You can learn more about what was excluded here: Excluded Books

National Geographic was the first to publish the book of Judas.

The Book of Thomas is the best known of the excluded texts and is similar to the version of the bible that Thomas Jefferson wrote. Book of Thomas

-“How do our friendly-Fundalmentalists justify the Bible as the word of God if some Roman cobbled together books based on something other than perserving the word of God?”
@watchman would be best to answer this question.

AlfredaPrufrock's avatar

The absolute best source of information is Elaine Pagels’ “Beyond Belief: The Secret Gospel of Thomas.” Pagels’ is a bible historian, and has impeccable credentials as a historian and religious scholar. She is not aligned with any denomination. She talks a lot about the early formation of the Church, the Gospels, and why certain Gospels may have been chosen over others.

watchman220's avatar

Sounds fishy to me. However I would still read the gospel of THomas as entertainment. Is it online anywhere?

AlfredaPrufrock's avatar

There are any number of translations on the Internet, including:

http://users.misericordia.edu//davies/thomas/Trans.htm

Followers of Thomas were widespread in the Middle East and into India in the years following Jesus’ death. The sect was more aligned with finding the presence of God in other men, and acting accordingly. Which, if you were trying to unify a group of people in terms of providing protection, these would be your outlyers, the people that would be of a more individualistic faith, and less inclined to want group identity. You have to think in terms of context of the day. I’ve wondered if the inclusion of the the Holy Spirit in the Trinity was a result of creating a means to bring the followers of Thomas into the fold. The Nicene Creed is the affirmation of a common belief. Christianity, for all practical purposes, was only Catholicism until the Protestant Reformation.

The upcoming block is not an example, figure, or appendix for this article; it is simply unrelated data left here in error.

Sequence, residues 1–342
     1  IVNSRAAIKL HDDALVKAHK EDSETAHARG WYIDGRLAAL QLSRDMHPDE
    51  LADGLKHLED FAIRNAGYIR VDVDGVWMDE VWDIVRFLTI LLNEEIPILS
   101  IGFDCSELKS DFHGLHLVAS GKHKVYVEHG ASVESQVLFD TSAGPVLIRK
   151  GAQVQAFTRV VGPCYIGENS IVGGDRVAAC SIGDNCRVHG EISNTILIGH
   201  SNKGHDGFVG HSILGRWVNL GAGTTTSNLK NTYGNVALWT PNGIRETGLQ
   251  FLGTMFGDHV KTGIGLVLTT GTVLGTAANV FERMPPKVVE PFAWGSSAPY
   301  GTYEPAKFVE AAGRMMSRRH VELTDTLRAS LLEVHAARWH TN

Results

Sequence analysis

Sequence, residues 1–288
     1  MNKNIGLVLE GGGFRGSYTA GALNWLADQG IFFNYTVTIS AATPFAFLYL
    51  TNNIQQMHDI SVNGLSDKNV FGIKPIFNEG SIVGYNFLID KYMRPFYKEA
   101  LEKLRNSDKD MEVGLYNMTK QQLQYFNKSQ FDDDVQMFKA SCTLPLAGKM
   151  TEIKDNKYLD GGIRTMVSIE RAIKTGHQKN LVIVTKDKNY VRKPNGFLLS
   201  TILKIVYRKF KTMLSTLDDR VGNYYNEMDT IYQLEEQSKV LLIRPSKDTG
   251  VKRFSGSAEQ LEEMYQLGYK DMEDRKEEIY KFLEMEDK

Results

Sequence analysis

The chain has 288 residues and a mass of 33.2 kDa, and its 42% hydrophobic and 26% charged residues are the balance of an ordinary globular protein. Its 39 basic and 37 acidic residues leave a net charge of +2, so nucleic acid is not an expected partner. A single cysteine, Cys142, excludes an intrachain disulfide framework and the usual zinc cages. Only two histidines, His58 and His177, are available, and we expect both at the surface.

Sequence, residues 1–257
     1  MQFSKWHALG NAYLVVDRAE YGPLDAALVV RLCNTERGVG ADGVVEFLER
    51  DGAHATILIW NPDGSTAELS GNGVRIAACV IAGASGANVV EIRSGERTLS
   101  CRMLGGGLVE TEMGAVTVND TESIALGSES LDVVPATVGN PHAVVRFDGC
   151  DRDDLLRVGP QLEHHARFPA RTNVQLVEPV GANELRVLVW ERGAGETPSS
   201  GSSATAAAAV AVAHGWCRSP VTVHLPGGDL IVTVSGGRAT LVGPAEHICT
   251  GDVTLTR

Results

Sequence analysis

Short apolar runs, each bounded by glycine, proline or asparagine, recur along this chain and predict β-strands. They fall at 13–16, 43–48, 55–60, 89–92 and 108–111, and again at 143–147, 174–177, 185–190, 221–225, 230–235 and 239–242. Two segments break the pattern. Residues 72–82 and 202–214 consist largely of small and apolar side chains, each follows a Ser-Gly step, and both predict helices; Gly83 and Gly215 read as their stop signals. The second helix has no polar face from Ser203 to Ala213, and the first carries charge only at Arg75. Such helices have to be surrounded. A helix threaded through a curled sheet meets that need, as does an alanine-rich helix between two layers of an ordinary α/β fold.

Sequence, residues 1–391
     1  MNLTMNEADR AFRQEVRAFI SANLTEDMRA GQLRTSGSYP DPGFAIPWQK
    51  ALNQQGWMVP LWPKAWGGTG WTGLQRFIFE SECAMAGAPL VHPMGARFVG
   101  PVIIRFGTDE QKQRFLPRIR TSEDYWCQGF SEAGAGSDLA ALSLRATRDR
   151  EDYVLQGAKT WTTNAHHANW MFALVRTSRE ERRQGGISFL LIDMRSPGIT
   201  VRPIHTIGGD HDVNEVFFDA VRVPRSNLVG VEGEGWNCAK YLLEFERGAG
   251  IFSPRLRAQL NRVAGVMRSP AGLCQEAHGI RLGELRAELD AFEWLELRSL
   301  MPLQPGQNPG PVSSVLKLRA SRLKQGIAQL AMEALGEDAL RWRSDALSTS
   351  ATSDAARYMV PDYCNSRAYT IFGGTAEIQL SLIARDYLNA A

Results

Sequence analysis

jvgr's avatar

watchman220: “Sounds fishy to me. However I would still read the gospel of THomas as entertainment. Is it online anywhere?”

I believe you will find a Link to Thomas on line in my previous post.
As for fishy, unfortunately, the bible was compiled by those who had a partiicular point of view. They only selected the documents that supported their point of view and omitted those that didn’t. That in itself make the bible a flawed document.

watchman220's avatar

I read some of the content at the link you included above. And I would agree that the “point of view” is different. The most important aspect of what the bible teaches is in regard to the basic message it portrays. The gospel of Jesus Christ, is really simple.
God Created the universe and all that is in it.
The fall from grace by humankind was allowed by God.
It was part of God’s plan to provide redemption for the known outcome.
He chose Abraham which became the nation of Jews.
He made covenant promises to Abraham and the Jews.
He gave the law to Moses.
The law was a schoolmaster to teach us that no one could keep the law.
The sacrifices were a type or example of the final sacrifice.
Jesus fully God, and full man, came to give His life a sacrifice for all men.
He was the final sacrifice that fulfilled the law and the prophets.
He ushered in the period of grace and brought the message to the gentiles through Paul
Paul wrote the message and most of the new testament is written by Paul.
The old and new testament harmonize the above points.
Salvation is the message of the gospel.
Salvation from sin, which we inherit by being born into this corrupted world, this is what we need to be saved from.
We can not save ourselves.
We can not be good enough.
Just look at humanity…if you think we are naturally good, then you are either stupid, or deaf and blind.
We are not getting better. We are getting worse…just as the scriptures foretell.

THomas might have some witty comments, but it would seem that most of it has no bearing on the gospel message of salvation.
THis was the primary criteria that included scripture into the canon that we mostly use today.
Aside from the catholic canon which has a few extra books…which are questionable in the same nature as Thomas was…the bibles are the same.
The canon was refined when those books were removed.
There is no secret gospel that is going to change the focus of the entire bible message.
The stage is set, and the story is true. Just watch it play out.
If you are not a student of biblical prophecy, and you want to know what is going on in the world, I highly recommend that you start looking into what the Word of God has to say about the times we live in.

Simples's avatar

Stack the deck….select the ones that concur and reject, the ones that confuse the pre-doctrinal disposition. (simples) click click.